Excerpt Reveal: The Sky on Fire by Jenn Lyons

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Excerpt Reveal: The Sky on Fire by Jenn Lyons

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The Sky on Fire by Jenn Lyons

Enter a world ruled by dragons…

The Sky on Fire is a daring new fantasy heist adventure that will thrill fans of Temeraire, Fourth Wing, and Dragonriders of Pern

Anahrod lives only for survival, forging her own way through the harsh jungles of the Deep with her titan drake by her side. Even when an adventuring party saves her from capture by a local warlord, she is eager to return to her solitary life.

But this is no ordinary rescue. It’s Anahrod’s past catching up with her. These cunning misfits—and their frustratingly appealing dragonrider ringleader—intend to spirit her away to the dragon-ruled sky cities, where they need her help to steal from a dragon’s hoard.

There’s only one problem: the hoard in question belongs to the current regent, Neveranimas—and she wants Anahrod dead.

From Jenn Lyons, the acclaimed author of the Chorus of Dragons series, this soaring standalone fantasy combines conniving dragons, lightning banter, high-stakes intrigue, and a little bit of heat.

Please enjoy this free excerpt of The Sky on Fire by Jenn Lyons, on sale 7/16/24


HELL

 

Skylanders had another word for the Deep.

Hell.

A more appropriate brand, without question. The Deep was too bland a label, applied so vigorously to any land ranging from sea level to five thousand feet above it. Skylanders felt secure in the label’s accuracy only because they measured from altitudes so much higher. Whereas Hell, as a place of punishment hot enough to scorch, occupied by monsters and the damned, served as a far more accurate warning. Those people
who made their homes in the Deep had their own feelings on the matter, but their opinions were never consulted. If Skylanders considered the Deep a punishment, then it was also true that one could, by effort and necessity, learn to love Hell.

Anahrod had.

The Deep bore no resemblance to the indifferent mountaintops or the apathetic sky. The Deep demanded focus, insisted on attention. Anahrod might fear and hate her adopted home, but she couldn’t deny that every part possessed a wild beauty, a riotous curve of unmolested nature too rebellious to be conquered, too perilous to be ignored. The suffocating, sticky air and the boiling heat were a mild irritation compared to the Deep’s genuine threats: explosive oceans, howling storms, and giant, carnivorous animals.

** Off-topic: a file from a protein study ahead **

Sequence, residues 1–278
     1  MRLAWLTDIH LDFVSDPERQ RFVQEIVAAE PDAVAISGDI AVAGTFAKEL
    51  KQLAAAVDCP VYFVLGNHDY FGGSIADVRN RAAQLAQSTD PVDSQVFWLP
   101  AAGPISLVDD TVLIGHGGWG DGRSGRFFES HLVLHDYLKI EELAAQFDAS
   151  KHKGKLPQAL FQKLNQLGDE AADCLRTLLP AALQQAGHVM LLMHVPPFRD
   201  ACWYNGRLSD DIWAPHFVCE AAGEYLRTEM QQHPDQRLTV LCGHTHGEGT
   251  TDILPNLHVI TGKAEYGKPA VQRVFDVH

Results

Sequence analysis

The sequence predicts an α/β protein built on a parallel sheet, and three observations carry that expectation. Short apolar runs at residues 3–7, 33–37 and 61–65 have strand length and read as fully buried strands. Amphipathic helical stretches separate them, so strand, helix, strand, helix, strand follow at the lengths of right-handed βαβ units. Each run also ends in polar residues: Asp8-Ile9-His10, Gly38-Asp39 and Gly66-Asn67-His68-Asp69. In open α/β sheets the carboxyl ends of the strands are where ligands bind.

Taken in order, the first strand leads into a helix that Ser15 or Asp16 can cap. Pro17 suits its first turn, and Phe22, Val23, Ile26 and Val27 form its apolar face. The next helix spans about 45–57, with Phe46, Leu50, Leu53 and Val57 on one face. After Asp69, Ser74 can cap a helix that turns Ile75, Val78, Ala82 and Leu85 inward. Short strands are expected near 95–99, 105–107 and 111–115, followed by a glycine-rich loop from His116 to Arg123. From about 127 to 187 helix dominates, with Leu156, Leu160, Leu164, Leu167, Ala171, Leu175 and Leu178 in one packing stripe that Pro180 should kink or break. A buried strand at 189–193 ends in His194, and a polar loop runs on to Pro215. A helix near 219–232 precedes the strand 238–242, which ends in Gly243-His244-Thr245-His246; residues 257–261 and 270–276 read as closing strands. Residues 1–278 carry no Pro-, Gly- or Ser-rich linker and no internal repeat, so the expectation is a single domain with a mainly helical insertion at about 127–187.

In the Deep’s jungles and savannas, its deserts and forests and violent, evershifting green waters, dwelt every monster unfriendly to humanity. The worst of which—Hell’s true demons—would always be humanity itself. A point Anahrod considered as she stared down the two Scarsea recruiters. The Scarsea eschewed the green body paint worn by most jungle tribes in favor of shadow-valley violets. Ocean-green spikes thrust out in all directions from the shoulder plates strapped to their arms, lest one make the error of thinking them too friendly.

Anahrod had neither asked for nor been given introductions. She’d decided to call one man “Braids” because of his hair. Anahrod nicknamed the other one “Scratch” since he kept picking at his paint, the cracked mud flaking away from one arm to reveal brown skin underneath. “We won’t make this offer again.” Braids tightened his hand on his sword pommel. As they “wouldn’t make this offer again” on the last four occasions the Scarsea had found her, the threat’s value had begun to wane. She allowed silence to be her answer. If they decided her consent was no longer necessary, Overbite waited, hidden behind a nearby hillock.

They didn’t seem inclined to press the issue. Still, Scratch wore a sour expression, the look of a man trying to understand why Anahrod wasn’t leaping at the opportunity offered. “Your refusals have grown tiresome, but if you return with us now, His Majesty won’t hold a grudge.”

“Sicaryon, you mean?” She’d heard far too much of Sicaryon lately, none of it good. Not so long ago, he’d been “Chief ” Sicaryon, after killing his uncle for the position. Then he was “warlord,” gobbling up neighboring tribes with frightening speed.